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South Texas Living


Wildflowers spring up across Lone Star State


Wildflowers spring up across Lone Star State


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March 12, 2014
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While cooler than usual weather may delay the wildflower season in some parts of Texas, the good news is that many areas should have great blooms, and a few already show the first stirrings of spring.

“All signs point to a good wildflower season,” said Damon Waitt, senior botanist at the University of Texas at Austin’s Lady Bird Johnson Wildflower Center. “We’ve had good fall precipitation and good winter precipitation in many parts of the state--not just rain, but sleet and snow as well.”

Fall and winter moisture are important as many popular wildflowers--including Texas bluebonnets, Indian blanket, and Texas star--get a jumpstart on their spring growth by germinating during the winter and establishing themselves as rosettes. These clusters of leaves spread low across the ground to retain heat in the winter before the plants grow rapidly once temperatures climb.

But already along S.H. 123 south of Seguin, the Dugger Cemetery has a blanket of Drummond phlox, Texas groundsel, and other wildflowers. And along I-37 north of Corpus Christi, some large patches of emerging Texas bluebonnets have been sighted, as well as pink evening primrose.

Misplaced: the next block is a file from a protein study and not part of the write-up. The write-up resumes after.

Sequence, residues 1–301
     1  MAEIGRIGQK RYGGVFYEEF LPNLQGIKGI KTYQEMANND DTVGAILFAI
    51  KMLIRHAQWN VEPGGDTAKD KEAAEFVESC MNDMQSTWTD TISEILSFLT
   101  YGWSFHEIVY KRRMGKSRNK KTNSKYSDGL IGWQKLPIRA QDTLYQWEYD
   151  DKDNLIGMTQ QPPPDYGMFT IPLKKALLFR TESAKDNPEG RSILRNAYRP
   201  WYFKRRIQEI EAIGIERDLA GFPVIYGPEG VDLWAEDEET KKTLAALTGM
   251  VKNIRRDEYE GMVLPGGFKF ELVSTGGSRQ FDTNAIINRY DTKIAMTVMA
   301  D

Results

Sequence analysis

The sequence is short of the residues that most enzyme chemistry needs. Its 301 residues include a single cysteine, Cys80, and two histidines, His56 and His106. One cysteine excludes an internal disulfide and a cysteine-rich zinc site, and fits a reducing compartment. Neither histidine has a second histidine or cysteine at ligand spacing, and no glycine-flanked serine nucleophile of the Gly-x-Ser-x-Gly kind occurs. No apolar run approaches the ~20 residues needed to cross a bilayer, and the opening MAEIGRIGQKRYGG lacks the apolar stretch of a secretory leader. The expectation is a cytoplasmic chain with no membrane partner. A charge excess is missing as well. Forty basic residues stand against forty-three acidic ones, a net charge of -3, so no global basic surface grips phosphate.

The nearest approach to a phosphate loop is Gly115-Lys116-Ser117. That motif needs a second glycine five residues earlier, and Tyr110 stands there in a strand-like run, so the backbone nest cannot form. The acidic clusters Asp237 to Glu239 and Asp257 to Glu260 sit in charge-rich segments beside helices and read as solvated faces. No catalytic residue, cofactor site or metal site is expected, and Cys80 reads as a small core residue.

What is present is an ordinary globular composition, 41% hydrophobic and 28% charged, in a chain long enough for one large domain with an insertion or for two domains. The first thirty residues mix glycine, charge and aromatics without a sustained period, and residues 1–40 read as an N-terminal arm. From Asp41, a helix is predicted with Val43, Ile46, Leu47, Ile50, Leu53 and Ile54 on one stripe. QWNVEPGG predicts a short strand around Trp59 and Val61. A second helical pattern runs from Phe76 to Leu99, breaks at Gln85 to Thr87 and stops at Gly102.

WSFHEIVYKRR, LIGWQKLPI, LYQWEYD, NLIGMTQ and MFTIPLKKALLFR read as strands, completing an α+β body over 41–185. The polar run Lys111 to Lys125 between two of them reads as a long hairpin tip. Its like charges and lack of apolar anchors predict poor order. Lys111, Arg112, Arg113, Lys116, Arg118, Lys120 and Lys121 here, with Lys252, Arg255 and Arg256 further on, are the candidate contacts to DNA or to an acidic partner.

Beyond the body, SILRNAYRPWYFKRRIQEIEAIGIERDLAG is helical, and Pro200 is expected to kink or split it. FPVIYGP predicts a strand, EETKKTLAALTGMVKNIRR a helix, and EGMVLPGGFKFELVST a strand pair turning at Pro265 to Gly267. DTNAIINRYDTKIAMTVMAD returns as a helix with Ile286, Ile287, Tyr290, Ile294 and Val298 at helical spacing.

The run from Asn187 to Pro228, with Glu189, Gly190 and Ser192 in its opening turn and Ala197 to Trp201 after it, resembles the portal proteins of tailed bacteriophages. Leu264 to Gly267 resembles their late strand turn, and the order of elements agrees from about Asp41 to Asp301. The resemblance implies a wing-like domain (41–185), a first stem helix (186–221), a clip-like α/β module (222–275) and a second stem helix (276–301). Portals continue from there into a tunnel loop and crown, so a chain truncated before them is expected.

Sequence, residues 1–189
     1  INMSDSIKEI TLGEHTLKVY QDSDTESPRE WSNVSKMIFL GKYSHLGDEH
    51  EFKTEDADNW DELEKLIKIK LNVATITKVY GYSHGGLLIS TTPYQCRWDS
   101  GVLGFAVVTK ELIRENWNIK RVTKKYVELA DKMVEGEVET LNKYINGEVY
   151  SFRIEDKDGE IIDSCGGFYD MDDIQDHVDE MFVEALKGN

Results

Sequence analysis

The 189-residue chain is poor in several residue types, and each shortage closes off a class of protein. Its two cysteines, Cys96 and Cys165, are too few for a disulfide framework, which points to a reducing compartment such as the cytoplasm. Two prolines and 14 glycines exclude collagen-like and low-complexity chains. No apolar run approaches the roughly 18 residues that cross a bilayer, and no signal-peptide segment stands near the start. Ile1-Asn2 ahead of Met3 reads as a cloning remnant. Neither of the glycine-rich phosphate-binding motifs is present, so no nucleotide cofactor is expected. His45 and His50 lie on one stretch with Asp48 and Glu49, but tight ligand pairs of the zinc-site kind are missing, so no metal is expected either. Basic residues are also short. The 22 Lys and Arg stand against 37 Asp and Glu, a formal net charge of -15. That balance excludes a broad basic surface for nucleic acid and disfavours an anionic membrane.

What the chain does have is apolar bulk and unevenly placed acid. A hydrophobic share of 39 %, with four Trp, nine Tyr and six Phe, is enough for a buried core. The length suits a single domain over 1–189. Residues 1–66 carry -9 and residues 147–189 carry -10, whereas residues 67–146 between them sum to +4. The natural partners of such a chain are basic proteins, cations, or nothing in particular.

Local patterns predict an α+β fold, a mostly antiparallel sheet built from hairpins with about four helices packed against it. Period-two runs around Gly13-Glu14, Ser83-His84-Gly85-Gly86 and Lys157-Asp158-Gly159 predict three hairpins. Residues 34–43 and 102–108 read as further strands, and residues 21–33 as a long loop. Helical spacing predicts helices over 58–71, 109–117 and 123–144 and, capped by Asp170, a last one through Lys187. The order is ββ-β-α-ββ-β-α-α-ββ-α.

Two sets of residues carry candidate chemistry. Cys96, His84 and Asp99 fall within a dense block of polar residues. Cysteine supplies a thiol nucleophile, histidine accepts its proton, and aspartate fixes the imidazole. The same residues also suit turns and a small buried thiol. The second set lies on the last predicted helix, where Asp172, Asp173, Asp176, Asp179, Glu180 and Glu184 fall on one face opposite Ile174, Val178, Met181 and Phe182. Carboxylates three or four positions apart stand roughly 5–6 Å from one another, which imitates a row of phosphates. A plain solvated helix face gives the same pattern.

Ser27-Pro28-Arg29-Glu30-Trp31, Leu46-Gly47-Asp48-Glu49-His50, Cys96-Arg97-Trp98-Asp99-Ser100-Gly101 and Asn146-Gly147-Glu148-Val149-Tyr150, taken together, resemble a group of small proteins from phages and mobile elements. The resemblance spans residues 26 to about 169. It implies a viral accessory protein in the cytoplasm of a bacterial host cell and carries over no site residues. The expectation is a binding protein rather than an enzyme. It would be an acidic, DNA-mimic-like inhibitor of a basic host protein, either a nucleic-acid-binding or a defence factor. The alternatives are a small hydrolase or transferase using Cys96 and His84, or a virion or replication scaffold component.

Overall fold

At Houston Audubon’s Edith L. Moore Nature Sanctuary, the leaves of a number of wildflowers including rosinweed, Texas coneflower, black-eyed Susan, rattlesnake master, and blue-eyed grass are up, but not many have flowered yet. The exceptions are some violets and Carolina jessamine.

Cold weather in North Texas has slowed the onset of this year’s season, but there have been sightings of spring beauties at the new Elmer W. Oliver Nature Park in Mansfield and elbow bush at Cedar Ridge Preserve in Dallas.

Along the River Road between Presidio and Lajitas and elsewhere in Presidio and southern Brewster counties, Big Bend bluebonnet and Torrey yucca are among the wildflowers spotted in early bloom.

At the Lady Bird Johnson Wildflower Center in Austin, Mexican plum, agarita, Carolina jessamine, golden groundsel, and elbow bush are just a few of the plants currently in bloom. As the wildflower season progresses, the center will offer visitors abundant displays of many varieties--including bluebonnets.

The center will again offer visitors a safe place to take photos with family and friends in front of the iconic bluebonnets.

Test your skill at identifying Texas’ wildflowers, with the Wildflower Quiz: http://www.wildflower.org/collections/quiz.php. For bloom updates, visit http://www.wildflowerhaven.com, http://www.wildflowersightings.org and http://www.texasbluebonnetsightings.com. The Texas Department of Transportation will start providing sightings sometime in March at 1-800-452-9292.
 

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